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Were the Atomic Scientists Spies?

Special Tasks: The Memoirs of an Unwanted Witness—A Soviet Spymaster

by Pavel Sudoplatov, and Anatoli Sudoplatov, with L. Jerrold, and Leona P. Schecter, foreword by Robert Conquest
Little, Brown, 509 pp., $24.95

When wars end the belligerents begin to speak and write about what happened—indeed, their willingness to tell the truth is one sign that the fighting is really over. Truth-telling about the cold war took a new turn following the formal dissolution of the Soviet Union in 1991, and there has been no pause since in the flood of memoirs, documents, and declassified files published or simply opened to the public in Moscow and other capitals of onetime members of the Warsaw Pact. The Soviet murder of thousands of Polish army officers at the Katyn Forest in 1940, Stalin’s agreement to let Kim Il Sung’s armies invade South Korea in 1950, the crimes and triumphs of the KGB and other Soviet intelligence organizations, and a long list of other revelations, large and small, eventually will make it possible for scholars to write a true history of the cold war.

But this relentless exposure of the past is not merely useful for tidying up the record of what happened; it also helps to restore peace by feeding the public hunger for truth after decades of accusation, lies, and secrecy. “Conjecture abounds when the truth is hushed up for political reasons,” said the Soviet physicist and bomb-builder Yuli Khariton in a lecture in Moscow a year ago. “If there is no truth today, there will be myths tomorrow.”1 But if truth heals, it also hurts, as the Poles and the Germans have discovered from secret files proving that all sorts of people—some once considered heroes of principled resistance—in fact were reporting to the police, betraying friends and allies.2

A painful disclosure of the kind already familiar in Europe was visited on Americans by Time magazine on Monday, April 18, with an eight-page excerpt from a new book claiming that leading scientists involved in the Manhattan Project to invent atomic bombs—J. Robert Oppenheimer, Enrico Fermi, Leo Szilard, and the Danish physicist Niels Bohr—had served as spies for the Soviet Union during the Second World War. That evening a twenty-minute report on the Mac-Neil/Lehrer News Hour repeated the sensational claims without qualification or reservation and presented filmed interviews with the books’ four “authors” along with archival footage of Oppenheimer and other atomic scientists, Stalin and his Politburo, the Red Army goosestepping through Red Square, and similar images of the red menace of yesteryear. The principal “author” or “source” of these charges—we shall consider below which if either should apply—was also on camera: a shuffling, stoop-shouldered, rambling former officer of Soviet intelligence3 named Pavel Sudoplatov, whose “special assignments” for Stalin and Lavrenti Beria included the assassination of Leon Trotsky in addition allegedly to managing the flow of intelligence concerning the Soviet scientific program to invent atomic bombs during and immediately after the war.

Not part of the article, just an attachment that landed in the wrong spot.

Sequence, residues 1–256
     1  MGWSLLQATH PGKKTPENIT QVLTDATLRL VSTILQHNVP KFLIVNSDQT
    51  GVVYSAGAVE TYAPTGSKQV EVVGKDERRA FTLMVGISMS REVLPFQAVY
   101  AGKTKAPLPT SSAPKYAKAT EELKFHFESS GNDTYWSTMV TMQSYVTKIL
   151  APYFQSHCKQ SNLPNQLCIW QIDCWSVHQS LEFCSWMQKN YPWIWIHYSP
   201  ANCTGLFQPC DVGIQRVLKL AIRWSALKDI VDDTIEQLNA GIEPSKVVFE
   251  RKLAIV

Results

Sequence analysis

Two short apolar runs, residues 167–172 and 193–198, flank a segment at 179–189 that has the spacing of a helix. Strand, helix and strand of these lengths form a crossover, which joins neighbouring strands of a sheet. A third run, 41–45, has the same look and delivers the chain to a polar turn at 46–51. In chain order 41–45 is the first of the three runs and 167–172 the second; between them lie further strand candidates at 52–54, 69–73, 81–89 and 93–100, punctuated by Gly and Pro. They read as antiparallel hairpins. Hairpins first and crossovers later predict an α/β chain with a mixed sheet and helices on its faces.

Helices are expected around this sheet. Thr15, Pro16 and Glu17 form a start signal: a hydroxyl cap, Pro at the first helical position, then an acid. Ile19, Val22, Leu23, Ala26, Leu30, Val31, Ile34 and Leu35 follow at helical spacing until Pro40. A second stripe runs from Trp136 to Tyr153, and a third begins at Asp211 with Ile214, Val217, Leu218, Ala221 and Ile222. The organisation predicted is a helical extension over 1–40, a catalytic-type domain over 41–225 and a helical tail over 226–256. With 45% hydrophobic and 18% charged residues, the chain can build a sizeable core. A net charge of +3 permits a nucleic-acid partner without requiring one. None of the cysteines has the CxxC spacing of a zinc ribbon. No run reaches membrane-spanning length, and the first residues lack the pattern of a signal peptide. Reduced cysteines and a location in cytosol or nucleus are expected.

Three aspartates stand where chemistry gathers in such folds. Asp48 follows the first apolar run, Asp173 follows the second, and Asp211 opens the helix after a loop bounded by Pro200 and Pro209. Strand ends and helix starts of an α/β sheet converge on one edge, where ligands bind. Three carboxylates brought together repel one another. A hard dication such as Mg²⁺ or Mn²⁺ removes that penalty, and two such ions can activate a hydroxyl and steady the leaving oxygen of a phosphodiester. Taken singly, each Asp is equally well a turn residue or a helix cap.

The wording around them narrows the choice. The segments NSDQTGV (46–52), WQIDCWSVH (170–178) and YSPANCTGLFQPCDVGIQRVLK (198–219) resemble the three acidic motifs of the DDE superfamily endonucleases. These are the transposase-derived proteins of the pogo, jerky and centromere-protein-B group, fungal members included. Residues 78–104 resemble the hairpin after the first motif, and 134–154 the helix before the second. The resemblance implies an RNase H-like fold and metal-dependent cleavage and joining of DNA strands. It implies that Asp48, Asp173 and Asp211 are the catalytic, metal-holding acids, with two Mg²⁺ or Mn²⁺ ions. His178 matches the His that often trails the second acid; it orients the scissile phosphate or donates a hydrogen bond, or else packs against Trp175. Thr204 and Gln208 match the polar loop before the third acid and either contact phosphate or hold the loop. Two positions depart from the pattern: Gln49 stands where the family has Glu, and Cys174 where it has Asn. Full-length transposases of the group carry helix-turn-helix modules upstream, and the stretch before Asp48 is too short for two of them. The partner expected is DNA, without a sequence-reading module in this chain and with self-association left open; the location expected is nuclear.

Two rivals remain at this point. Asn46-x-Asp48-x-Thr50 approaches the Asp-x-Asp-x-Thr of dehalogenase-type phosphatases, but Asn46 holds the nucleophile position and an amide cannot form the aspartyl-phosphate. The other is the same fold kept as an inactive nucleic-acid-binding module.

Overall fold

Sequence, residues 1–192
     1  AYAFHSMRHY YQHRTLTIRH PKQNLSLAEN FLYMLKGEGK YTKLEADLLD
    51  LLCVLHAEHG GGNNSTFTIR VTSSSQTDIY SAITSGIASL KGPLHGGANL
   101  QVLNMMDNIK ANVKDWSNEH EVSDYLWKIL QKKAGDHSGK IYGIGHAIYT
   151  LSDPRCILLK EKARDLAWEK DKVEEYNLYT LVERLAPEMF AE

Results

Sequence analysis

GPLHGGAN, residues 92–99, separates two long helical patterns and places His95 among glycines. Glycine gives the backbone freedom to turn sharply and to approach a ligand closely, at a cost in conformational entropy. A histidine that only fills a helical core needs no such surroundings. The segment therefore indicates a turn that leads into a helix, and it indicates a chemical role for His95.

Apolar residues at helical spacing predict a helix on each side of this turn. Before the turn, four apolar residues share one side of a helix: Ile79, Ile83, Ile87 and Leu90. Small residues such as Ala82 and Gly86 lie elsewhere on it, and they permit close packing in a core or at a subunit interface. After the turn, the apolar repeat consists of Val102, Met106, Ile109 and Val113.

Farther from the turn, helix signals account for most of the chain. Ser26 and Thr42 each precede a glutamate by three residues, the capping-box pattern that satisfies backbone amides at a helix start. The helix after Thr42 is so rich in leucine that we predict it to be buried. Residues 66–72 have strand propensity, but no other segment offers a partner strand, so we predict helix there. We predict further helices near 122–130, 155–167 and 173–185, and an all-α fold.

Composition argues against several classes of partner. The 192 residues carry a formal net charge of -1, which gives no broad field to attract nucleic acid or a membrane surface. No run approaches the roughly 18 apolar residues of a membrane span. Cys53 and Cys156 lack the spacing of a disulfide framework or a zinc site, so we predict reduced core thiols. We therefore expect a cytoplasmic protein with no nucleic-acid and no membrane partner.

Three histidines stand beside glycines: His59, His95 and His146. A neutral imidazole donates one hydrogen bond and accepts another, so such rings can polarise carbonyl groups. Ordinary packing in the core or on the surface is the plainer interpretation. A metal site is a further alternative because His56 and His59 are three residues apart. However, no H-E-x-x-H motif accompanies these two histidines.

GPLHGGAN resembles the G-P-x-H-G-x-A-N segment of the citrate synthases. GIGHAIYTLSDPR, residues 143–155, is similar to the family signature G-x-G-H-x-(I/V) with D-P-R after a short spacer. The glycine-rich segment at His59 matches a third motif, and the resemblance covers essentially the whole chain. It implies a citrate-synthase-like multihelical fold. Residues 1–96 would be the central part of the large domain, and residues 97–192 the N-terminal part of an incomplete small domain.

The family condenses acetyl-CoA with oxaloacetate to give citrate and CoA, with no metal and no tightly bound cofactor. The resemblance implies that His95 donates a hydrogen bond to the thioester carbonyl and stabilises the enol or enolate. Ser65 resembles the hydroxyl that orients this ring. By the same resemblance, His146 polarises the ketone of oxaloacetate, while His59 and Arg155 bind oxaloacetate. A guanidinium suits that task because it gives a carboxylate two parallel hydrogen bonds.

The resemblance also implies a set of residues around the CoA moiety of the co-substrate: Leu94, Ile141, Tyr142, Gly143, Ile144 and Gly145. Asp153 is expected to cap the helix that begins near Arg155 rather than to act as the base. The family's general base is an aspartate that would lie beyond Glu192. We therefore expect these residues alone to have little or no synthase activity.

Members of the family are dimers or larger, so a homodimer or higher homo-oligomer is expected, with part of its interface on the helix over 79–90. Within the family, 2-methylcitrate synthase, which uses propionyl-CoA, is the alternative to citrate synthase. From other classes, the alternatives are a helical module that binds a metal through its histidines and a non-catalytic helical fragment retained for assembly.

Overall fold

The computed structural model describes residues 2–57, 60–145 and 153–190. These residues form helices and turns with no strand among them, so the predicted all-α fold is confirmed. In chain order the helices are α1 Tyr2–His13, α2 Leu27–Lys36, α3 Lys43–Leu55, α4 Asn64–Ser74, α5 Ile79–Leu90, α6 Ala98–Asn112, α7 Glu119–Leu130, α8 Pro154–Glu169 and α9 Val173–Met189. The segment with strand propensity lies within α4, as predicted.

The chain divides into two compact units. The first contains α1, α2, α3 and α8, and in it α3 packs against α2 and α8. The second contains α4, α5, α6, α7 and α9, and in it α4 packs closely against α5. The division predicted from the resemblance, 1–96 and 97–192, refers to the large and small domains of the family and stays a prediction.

That Oppenheimer was a Soviet spy was not the most shocking of Sudoplatov’s claims. A substantial literature has argued and re-argued similar charges brought in the early 1950s which prompted a formal hearing by the Atomic Energy Commission and the stripping of Oppenheimer’s security clearance—not, in the end, as a spy, for which indeed there was no evidence, but as a “security risk” whose judgment could not be trusted. Even disproven charges have a way of sticking, however; when I first heard of the Time excerpt it struck me as possible someone really had the goods on Oppenheimer or at least some plausible facts which a reasonable person might say suggested collaboration with a foreign power. But the bald claim that Fermi, Szilard, and Bohr—especially Bohr—were Soviet spies seemed utterly incredible. It would be hard to describe to someone not steeped in the history of the time and the men why these charges are so deeply implausible; it is a bit like saying that Martin Luther King was a paid informant of the FBI or had been taking secret orders from the Grand Wizard of the Ku Klux Klan.

But sometimes incredible news is true; in a time of truth-telling one must keep an open mind. It all depends on the evidence, in this case what purports to be the memoirs of Sudoplatov in a 509-page volume, with a cluttered title page: Special Tasks: The Memoirs of an Unwanted Witness—A Soviet Spymaster, by Pavel Sudoplatov and his son Anatoli Sudoplatov with Jerrold L. and Leona P. Schecter, the latter two being American journalists. The distinguished historian Robert Conquest has provided an enthusiastic foreword, claiming Sudoplatov’s “autobiography…is perhaps the most important single contribution to our knowledge [of the Stalin regime] since Khrushchev’s Secret Speech.” Included are new accounts of many episodes such as the assassination of Trotsky, the arrest and murder of Raoul Wallenburg, the “Doctors’ Plot” cooked up by Stalin after the war to introduce a new purge, this time mainly of Jews; and the fall of Beria after Stalin’s death, when Khrushchev moved vigorously to take Stalin’s place and to keep secret his own complicity in Stalin’s crimes.

These are all important episodes in Soviet history. But by far the most sensational charges in the book are to be found in Chapter 7 on “Atomic Spies.” The text is unequivocal:

The most vital information for developing the first Soviet atomic bomb came from scientists designing the American bomb at Los Alamos, New Mexico—Robert Oppenheimer, Enrico Fermi, and Leo Szilard…. At first they were motivated by fear of Hitler…. Then the Danish physicist Niels Bohr helped strengthen their own inclinations to share nuclear secrets … with the Soviet Union…

These claims, if true, would suggest a degree of Communist subversion of Western science and society beyond anything charged by anti-Communist zealots in the 1950s. If the evidence cited in Special Tasks for atomic treason by Oppenheimer, Fermi, Szilard, Bohr, and others is solid and persuasive, then we may generally trust and make use of the book as a whole; but if not, then we must question its other claims as well.